Slivers of it glisten in the air and fall in a cloud around blades of hockey skaters as they brake to a stop, twist, and dig back the direction they came from.
Arms flail, one with a stick and one without, and legs fly out to the right and then the left, as players charge past a red line to a blue one.
Contact is made against an opponent or against the wall as skaters slide through a play on the opposing goalkeeper.
“I just enjoy being on the ice and having fun with all my teammates I grew up with,” high school freshman Emma Kaelke said, her long, blonde hair flowing past her shoulders.
Like many Juneau girls, Kaelke is finding a niche among the male gender, discovering a sport that can be a ticket to a healthy life and a college education.
Kaelke has played the last three years for the comp squad Team Alaska.
She will again join that team and play out of Fairbanks through the fall and winter, flying back and forth between the two towns much like she cruises matter-of-factly from end to end on frozen water.
“I have a goal to make a college hockey team,” the defenseman said. “I want to go as far as I can go with the sport.”
As far as she can.
That trip involves not joining her high school classmates for a freshman year and living with family friends in another town.
“I have met a lot of people through hockey,” she said. “I will miss my friends here but I love to play hockey.”
Out on the Treadwell Arena Ice on Wednesday, hockey players of both genders competed in the same skills and development drills that the visiting Rocky Mountain Hockey School instructors brought forth.
Players were from the Juneau Douglas Ice Association Capitals, the Juneau-Douglas High School Crimson Bears and a few undetermined skaters.
“I like playing on the team,” eighth-grader Kaleah Haddock said. “We are a big family. It is really fun. I like other sports but I am more experienced in hockey.”
It wasn’t hard to spot the top JDHS Crimson Bears players as they refined their hockey blades to the familiar rink.
“We are pretty excited about this year,” senior Shane Moller said. “I think this is going to be one of the school’s best teams.”
Moller is small in stature but big in play and speed.
His heart is pulsating with a passion for the game and it seems to tow the less experienced youth across the ice behind him.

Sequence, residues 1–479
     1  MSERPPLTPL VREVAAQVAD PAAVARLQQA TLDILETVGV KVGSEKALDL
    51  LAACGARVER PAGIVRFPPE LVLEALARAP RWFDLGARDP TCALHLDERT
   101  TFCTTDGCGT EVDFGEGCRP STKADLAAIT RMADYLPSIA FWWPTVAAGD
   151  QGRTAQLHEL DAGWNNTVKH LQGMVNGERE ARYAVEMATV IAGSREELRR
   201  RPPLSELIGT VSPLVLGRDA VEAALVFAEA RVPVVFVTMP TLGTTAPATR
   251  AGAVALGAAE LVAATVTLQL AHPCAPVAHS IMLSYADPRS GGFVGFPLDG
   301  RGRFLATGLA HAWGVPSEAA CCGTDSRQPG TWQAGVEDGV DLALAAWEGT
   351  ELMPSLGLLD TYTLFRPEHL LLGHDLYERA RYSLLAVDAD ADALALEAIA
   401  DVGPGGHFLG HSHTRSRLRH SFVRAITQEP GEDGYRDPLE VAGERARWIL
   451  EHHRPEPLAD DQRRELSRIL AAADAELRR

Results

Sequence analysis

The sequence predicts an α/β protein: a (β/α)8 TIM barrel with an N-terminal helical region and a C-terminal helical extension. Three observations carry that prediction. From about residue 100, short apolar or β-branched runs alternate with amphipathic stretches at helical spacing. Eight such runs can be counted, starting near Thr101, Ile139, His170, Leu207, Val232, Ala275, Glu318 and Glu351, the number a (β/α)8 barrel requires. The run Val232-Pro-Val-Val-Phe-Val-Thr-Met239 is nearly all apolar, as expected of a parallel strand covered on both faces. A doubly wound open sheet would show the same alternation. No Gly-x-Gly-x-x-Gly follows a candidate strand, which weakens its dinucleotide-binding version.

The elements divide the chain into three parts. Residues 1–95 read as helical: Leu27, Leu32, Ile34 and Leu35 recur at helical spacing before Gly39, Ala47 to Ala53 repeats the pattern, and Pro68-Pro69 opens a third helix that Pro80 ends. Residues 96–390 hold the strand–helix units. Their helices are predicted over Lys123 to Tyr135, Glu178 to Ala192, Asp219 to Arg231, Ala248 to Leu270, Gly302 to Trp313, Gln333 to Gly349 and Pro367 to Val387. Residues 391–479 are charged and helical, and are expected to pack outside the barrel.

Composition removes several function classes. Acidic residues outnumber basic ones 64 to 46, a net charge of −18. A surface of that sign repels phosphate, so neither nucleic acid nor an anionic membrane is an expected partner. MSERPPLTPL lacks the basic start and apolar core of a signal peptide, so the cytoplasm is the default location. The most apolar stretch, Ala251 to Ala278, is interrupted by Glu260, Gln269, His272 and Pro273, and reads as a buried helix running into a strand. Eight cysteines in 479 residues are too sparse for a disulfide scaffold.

It is the culture of the sport in Juneau: older players rub off on the younger ones.
The established players often watch from the boards, peering through the glass as players from the JDIA Capitals teams pirouette, sometimes planned and many times not, across the ice in pursuit of a hard black slab of rubber that is often times faster than they are.
In front of the crease bodies collide.
“I like the challenge,” 8-year-old goalie Jaxson White said. “I like trying to stop them from scoring.”
A stick sends a black streak across the ice.
Tongue out, the swinger of the mighty blast has time to almost catch his shot.
“It is fun,” Sonny Monsef, 8, said. “Hockey is fun. I like the Rocky Mountain camp. I like playing with my friends. Hockey is fun.”
Indeed, hockey is fun. And fun to watch, too.
“It is a fun sport because I get to know more people,” seventh-grader Jaimie Hort said.
Soon she too was on the ice, skating past figures bigger and stronger, making contact, briefly pausing and then unflinchingly moving forward, like a highlight reel on a black and white movie projector.
“I want to play at a higher level,” Hort says.
Is it sexist to ask if Barbie Dolls come in full hockey gear?
Or if G.I Joes have figure skating combat outfits?
It is apparent that the youth in Juneau have made some significant strides in athletic equality.
Sure we have a long way to go.
We have a long way to go in many things.
Eventually, our top girl skaters may have their own girl’s team and will not travel away.
But if they do, then God Speed!
Lace up your blades and rocket down that ice for all your Juneau fans cheering you on!
Juneau Figure Skating Club 10-year-old Kara Hort spins across the ice.
The lights reflect off her attire.
Hort can stand on one skate, point the other past her head and do something called a Waltz Jump and a Salchow.
Today, however, her outfit has shoulder pads, thigh pads, masked helmet, skates with no toe picks and a long curved club that Tonya Harding probably never thought of wielding.
Hort dashes, stops, twists, and flies.
Her hockey stick raises and falls and a black rock finds a bit of web freedom past a male defender.
“I am a figure skater and a hockey player,” Hort says with a matter-of-fact bravado. “I love playing hockey because it gets my mind off figure skating and I still get to be active.”